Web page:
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The Difficulties of Portfolio Interest Exemption Planning After the Repeal of Section 958(b)(4)

The Difficulties of Portfolio Interest Exemption Planning After the Repeal of Section 958(b)(4)

Tax Law
In determining whether a U.S. person meets the Section 951(b) of a U.S. shareholder and whether a foreign corporation, Section 958 applies direct, indirect, and constructive ownership rules to determine stock ownership in the foreign corporation. Stock ownership under all three types of rules counts for purposes of determining whether a shareholder is a “U.S. shareholder” and whether a foreign corporation is a “controlled foreign corporation” or (“CFC”).Section 958(a)(1) provides the direct ownership rules for determining stock ownership to determine beneficial ownership of shares when a foreign entity is interposed between the U.S. person and the foreign corporation. Specifically, stock of a foreign corporation owned, in turn, by another foreign corporation or by a foreign partnership, trust or estate is deemed to be owned proportionately by the latter’s shareholders, partners…
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How to Calculate Foreign Tax Credit on Qualified Dividends

How to Calculate Foreign Tax Credit on Qualified Dividends

Sales Tax
U.S. taxpayers are generally subject to U.S. tax on their worldwide income, but may be provided a tax credit for foreign income paid or accrued. The main purpose of the foreign tax credit is to mitigate the double taxation of foreign source income that might occur if such income is taxed by both the United States and a foreign country. Internal Revenue Code Section 901 limits the foreign tax credit to foreign taxes imposed on “income, war profits.” Internal Revenue Code Section 903 extends the credit to foreign taxes imposed “in-lieu-of” an income tax.In order to be creditable under either Internal Revenue Code Section 901 or 903, a foreign levy must be a “tax.” A levy is a tax “if it requires a compulsory payment pursuant to the authority of…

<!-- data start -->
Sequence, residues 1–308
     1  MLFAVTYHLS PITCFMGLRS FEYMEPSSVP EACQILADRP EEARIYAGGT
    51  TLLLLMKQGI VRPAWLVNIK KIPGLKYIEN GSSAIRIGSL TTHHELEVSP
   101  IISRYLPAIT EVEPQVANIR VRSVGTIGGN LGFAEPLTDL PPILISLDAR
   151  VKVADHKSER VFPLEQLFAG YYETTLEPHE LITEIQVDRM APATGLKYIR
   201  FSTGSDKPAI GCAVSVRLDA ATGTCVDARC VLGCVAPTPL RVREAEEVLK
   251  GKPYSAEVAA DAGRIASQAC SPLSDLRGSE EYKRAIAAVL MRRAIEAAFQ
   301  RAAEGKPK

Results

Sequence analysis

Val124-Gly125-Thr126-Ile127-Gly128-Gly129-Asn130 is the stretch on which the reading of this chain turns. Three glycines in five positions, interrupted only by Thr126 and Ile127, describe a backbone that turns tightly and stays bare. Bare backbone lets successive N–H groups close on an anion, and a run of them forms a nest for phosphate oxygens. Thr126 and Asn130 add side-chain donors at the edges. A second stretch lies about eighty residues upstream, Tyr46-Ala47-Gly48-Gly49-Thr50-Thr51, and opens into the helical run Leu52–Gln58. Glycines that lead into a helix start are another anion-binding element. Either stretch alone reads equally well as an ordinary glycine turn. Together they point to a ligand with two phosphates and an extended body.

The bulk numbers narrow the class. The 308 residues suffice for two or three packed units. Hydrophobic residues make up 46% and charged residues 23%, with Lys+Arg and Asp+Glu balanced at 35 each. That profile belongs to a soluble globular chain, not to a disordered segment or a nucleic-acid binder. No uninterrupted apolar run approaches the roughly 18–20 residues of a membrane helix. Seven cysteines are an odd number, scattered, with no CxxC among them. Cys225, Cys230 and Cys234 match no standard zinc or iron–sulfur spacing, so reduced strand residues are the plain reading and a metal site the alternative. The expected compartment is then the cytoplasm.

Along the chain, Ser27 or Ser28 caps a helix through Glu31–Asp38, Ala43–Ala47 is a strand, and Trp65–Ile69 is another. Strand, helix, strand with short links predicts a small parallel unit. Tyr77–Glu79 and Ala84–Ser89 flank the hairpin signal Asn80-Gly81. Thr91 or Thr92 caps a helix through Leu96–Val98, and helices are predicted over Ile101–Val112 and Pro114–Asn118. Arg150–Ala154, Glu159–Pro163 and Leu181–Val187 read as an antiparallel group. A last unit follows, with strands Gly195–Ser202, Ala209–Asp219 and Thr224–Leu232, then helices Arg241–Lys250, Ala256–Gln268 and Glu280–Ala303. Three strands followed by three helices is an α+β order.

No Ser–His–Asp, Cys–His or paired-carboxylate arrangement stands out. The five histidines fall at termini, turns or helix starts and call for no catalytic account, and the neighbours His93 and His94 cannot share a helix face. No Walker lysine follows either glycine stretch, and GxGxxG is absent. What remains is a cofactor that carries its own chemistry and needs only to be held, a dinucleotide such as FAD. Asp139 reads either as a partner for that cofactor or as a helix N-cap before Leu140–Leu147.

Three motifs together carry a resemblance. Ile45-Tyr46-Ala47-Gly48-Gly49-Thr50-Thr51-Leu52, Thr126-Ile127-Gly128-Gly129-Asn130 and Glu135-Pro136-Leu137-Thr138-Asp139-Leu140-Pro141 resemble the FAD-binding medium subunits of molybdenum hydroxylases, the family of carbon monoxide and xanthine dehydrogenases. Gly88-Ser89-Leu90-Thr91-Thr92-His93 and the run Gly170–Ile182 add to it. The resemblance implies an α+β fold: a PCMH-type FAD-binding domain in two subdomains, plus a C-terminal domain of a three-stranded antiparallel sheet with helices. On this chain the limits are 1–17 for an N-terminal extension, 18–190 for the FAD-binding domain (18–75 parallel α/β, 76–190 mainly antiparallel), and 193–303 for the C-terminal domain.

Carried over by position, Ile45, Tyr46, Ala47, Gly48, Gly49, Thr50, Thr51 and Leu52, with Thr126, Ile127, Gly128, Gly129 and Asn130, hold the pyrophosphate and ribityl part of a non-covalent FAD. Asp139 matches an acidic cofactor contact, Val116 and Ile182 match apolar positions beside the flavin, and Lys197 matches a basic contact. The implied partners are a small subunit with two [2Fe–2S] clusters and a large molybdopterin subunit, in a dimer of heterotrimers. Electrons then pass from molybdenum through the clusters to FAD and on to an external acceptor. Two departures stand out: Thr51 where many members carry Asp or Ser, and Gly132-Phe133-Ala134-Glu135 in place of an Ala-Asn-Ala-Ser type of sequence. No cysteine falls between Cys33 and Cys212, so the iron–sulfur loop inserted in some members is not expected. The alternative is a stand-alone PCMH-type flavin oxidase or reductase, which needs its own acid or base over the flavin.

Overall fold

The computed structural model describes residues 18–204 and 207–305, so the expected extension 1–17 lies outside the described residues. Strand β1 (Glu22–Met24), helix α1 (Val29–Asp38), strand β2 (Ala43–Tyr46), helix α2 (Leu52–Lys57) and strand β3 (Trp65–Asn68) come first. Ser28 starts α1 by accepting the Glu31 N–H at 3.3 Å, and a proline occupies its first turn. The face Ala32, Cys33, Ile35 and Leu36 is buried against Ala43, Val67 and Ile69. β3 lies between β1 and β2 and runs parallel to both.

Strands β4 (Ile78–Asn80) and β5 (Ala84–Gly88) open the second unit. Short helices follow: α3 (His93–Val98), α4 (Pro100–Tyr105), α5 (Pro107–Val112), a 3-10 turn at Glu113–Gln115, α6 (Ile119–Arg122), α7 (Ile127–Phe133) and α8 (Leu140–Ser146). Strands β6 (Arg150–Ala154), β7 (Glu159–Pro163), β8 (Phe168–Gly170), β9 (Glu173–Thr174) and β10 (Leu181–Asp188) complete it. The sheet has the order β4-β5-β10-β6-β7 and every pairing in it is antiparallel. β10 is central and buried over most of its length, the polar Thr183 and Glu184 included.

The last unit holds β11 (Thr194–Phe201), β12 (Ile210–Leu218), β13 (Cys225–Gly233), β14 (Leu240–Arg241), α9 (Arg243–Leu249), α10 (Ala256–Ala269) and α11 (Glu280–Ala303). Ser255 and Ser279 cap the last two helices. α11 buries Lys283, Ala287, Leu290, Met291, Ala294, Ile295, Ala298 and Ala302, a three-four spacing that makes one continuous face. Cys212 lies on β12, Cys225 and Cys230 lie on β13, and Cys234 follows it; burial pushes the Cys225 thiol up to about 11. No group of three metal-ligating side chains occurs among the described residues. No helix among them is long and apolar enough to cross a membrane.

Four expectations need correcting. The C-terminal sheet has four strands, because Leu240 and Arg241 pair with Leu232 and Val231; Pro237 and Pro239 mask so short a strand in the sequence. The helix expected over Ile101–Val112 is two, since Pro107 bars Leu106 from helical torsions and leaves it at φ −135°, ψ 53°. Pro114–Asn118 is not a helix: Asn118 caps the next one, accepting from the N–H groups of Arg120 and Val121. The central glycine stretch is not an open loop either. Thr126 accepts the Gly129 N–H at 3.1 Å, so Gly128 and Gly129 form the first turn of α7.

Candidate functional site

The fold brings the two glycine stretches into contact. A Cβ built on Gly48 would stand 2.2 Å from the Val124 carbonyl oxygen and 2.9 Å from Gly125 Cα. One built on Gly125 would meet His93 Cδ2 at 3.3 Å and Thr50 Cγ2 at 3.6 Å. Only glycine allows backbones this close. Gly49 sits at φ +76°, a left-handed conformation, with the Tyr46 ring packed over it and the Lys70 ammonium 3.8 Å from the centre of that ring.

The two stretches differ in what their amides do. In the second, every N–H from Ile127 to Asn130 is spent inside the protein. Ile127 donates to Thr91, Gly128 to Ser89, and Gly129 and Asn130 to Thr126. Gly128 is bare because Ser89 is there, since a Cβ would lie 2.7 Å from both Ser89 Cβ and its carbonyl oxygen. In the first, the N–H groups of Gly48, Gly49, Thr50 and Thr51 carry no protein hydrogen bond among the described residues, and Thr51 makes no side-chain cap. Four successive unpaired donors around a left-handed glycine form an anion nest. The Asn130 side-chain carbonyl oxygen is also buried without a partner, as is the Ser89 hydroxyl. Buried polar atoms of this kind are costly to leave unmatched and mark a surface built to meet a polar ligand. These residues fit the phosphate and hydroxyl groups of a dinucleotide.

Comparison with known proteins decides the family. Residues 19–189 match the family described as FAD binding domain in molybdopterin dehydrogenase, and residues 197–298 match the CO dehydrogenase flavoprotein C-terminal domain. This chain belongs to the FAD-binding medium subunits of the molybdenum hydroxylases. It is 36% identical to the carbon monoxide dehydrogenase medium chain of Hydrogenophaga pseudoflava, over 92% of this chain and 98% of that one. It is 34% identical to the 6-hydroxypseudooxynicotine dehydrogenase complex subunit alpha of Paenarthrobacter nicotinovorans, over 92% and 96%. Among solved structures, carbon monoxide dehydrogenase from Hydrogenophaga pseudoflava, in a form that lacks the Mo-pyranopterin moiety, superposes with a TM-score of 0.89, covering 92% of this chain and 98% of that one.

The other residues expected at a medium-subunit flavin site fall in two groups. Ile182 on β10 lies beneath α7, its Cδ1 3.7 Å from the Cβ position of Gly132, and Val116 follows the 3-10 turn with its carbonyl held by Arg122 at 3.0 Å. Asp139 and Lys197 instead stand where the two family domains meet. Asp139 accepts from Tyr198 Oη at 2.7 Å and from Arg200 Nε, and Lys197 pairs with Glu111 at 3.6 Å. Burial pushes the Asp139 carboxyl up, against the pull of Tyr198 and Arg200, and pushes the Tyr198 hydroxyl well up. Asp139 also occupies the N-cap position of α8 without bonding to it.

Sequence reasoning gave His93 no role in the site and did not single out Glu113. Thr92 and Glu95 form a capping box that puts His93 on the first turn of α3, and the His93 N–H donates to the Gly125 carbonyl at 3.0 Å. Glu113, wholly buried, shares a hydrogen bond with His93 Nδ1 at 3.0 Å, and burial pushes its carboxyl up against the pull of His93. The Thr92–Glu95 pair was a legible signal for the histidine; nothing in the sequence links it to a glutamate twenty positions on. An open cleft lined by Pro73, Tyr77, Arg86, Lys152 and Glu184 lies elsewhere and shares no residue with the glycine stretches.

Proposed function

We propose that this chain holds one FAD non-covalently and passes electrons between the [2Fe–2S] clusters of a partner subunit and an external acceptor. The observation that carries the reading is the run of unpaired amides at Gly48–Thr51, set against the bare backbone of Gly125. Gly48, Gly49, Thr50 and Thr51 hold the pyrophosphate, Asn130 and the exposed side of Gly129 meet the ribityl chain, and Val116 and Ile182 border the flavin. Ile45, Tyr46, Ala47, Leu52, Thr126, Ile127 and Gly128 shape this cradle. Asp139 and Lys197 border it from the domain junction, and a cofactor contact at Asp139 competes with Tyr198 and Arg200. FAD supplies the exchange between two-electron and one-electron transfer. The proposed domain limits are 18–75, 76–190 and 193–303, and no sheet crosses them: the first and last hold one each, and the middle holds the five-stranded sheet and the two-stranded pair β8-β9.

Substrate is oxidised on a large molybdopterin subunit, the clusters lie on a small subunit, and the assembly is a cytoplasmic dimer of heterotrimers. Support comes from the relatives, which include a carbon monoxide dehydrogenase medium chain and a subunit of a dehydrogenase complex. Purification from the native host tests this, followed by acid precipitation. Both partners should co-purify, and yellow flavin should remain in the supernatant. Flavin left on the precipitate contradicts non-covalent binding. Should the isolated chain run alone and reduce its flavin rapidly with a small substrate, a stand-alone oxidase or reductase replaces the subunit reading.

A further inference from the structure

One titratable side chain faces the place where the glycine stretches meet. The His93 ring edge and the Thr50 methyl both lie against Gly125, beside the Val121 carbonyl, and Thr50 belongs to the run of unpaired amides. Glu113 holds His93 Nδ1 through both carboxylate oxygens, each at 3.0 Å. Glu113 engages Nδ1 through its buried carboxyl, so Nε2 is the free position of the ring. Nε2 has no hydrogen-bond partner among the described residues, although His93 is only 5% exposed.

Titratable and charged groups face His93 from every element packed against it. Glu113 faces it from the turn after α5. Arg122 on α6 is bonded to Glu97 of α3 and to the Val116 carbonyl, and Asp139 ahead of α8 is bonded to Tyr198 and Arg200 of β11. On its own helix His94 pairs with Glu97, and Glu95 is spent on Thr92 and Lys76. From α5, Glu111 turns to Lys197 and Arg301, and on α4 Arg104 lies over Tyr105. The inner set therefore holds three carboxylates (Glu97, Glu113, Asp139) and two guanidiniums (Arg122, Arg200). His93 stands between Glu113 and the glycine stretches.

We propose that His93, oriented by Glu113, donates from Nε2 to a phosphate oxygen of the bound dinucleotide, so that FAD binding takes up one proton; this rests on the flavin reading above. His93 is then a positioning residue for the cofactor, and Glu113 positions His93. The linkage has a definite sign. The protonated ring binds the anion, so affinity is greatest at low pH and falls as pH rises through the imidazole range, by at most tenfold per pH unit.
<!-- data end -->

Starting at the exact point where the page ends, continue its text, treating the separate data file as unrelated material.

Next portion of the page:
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Corporate Spinoffs, Split-Offs, and Split-Ups in the International Context

Corporate Spinoffs, Split-Offs, and Split-Ups in the International Context

Sales Tax
Corporate divisions involve the breaking of one corporation into multiple corporations. Such a transaction can be either taxable or tax-free. Corporate divisions tend to come in three basic flavors: spin-off, split-off, and split-up. Each variation involves a slightly different type of distribution of stock or securities. In general, if the transaction successfully runs the gauntlet of Internal Revenue Code Section 355, the tax treatment to the shareholders and the corporation will be the same regardless of whether the transaction is a spin-off, split-off, or split-up. In a spin-off, the distributing corporation distributes stock of a controlled corporation (a subsidiary) to its shareholders. This subsidiary may be either a recently created subsidiary “spun off” through the parent corporation’s  transfer of assets in return for stock or an existing subsidiary. The shareholders…